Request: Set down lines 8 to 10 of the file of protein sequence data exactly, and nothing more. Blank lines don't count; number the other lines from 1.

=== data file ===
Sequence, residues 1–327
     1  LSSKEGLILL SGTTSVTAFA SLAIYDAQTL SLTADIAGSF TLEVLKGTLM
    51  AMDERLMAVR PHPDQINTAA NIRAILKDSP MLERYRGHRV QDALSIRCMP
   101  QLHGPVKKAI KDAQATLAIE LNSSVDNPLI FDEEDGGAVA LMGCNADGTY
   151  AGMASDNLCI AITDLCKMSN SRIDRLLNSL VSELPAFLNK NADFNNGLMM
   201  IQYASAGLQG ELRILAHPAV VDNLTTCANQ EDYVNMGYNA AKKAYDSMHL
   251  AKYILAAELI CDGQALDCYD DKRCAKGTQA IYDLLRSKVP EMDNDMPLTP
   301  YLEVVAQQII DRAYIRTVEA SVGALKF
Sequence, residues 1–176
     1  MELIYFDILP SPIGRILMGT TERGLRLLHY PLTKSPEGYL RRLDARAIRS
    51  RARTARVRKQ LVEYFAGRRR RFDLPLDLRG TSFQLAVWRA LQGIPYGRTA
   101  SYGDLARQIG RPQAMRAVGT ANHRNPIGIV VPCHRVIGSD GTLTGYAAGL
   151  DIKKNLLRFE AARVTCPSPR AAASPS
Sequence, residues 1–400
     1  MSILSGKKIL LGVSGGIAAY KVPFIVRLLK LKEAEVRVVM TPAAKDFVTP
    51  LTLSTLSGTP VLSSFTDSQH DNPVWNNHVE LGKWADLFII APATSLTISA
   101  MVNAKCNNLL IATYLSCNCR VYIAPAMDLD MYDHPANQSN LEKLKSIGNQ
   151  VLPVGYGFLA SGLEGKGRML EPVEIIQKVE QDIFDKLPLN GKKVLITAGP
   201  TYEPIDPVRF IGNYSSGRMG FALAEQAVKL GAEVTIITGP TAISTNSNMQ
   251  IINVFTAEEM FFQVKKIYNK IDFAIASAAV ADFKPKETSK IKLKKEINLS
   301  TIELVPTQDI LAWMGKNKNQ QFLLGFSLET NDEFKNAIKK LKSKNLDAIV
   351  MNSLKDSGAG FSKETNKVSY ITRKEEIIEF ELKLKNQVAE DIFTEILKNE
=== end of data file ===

   301  YLEVVAQQII DRAYIRTVEA SVGALKF
Sequence, residues 1–176
     1  MELIYFDILP SPIGRILMGT TERGLRLLHY PLTKSPEGYL RRLDARAIRS